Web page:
George Washington University got rid of its SAT requirement, and applications soared 28%.
This kind of jump is unprecedented, the school said. About 6,000 more students applied compared to the year before.
It also saw a "significant" increase in applications from blacks, Hispanics, international students and those who would be the first in their family to go to college.
That's what GW was hoping for when it started allowing applicants to opt out of submitting their standardized test scores this year. The school says it won't hurt your chances of getting in. About 20% of those who applied chose not to submit their scores.
GW is one of the largest and most prestigious schools to go "test-optional," but it's a growing trend. More than 30 schools dropped the requirement in the past year, bringing the total to about 850. The list includes mostly liberal arts schools, including Wesleyan University, Bryn Mawr and Wake Forest.
The thinking is that dropping the test requirement will encourage more low-income and minority students -- who tend to score lower on the SAT -- to apply.
While academic research is mixed on whether a "test-optional" policy really does increases diversity among enrolled students, some schools have seen it work. Diversity is up, and they're attracting strong applicants who may not have applied before. Experts say that high school grades can be much better at predicting whether or not a student will succeed in college than their SAT or ACT scores.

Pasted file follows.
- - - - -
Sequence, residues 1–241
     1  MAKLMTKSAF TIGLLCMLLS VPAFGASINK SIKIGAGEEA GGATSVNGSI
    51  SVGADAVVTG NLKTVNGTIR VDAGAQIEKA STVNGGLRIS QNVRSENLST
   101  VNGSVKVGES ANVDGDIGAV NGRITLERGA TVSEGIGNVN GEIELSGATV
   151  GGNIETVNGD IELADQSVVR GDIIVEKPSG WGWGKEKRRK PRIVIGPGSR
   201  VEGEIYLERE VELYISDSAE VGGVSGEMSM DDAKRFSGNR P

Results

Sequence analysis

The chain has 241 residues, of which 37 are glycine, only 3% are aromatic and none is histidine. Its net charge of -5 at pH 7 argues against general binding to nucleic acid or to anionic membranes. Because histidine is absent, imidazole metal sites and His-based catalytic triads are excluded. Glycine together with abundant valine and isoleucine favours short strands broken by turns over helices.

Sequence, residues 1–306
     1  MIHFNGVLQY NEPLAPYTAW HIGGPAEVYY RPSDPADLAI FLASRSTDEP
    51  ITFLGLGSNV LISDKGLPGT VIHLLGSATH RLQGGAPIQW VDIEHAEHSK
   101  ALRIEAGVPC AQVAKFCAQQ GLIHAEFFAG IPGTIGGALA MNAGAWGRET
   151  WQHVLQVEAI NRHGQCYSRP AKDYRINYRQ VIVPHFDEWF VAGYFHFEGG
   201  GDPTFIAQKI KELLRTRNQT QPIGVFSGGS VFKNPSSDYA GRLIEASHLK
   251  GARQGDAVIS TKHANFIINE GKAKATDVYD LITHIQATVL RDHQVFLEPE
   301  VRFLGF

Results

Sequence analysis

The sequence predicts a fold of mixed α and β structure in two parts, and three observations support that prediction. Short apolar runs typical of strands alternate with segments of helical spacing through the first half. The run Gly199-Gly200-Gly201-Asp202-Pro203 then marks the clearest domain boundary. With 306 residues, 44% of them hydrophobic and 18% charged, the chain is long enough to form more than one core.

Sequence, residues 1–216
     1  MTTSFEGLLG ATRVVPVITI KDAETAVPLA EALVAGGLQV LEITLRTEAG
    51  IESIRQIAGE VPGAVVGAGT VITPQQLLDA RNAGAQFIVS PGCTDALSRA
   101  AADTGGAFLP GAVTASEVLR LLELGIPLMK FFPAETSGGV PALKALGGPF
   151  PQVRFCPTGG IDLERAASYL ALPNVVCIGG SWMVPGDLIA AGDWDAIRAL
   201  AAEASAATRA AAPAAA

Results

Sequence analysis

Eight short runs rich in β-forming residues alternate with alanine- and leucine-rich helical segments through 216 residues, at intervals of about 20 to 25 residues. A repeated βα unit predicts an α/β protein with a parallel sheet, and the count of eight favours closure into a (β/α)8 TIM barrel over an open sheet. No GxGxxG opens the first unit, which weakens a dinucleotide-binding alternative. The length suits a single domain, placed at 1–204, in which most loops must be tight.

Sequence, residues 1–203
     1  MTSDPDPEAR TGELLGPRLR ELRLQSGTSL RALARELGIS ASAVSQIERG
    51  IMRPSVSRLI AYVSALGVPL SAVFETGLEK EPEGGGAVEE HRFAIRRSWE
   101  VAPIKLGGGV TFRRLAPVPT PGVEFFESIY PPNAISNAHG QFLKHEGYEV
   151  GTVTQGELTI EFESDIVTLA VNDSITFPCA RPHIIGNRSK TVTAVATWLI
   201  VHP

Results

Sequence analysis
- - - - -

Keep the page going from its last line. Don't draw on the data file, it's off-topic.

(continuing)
Some other factors may have played a role in GW's spike in applicants, too. The college also credits its new, data-driven recruitment strategy and revamped campus visit experience.
The increase in applications could make it more difficult to get in. GW admitted about 60 more applicants who applied early-decision compared to last year, but a spokeswoman said the college has not yet determined how many total students will be accepted. And it appears that the applicant pool could be more competitive this year. Of those already admitted, high school GPAs are slightly higher than in last year's class.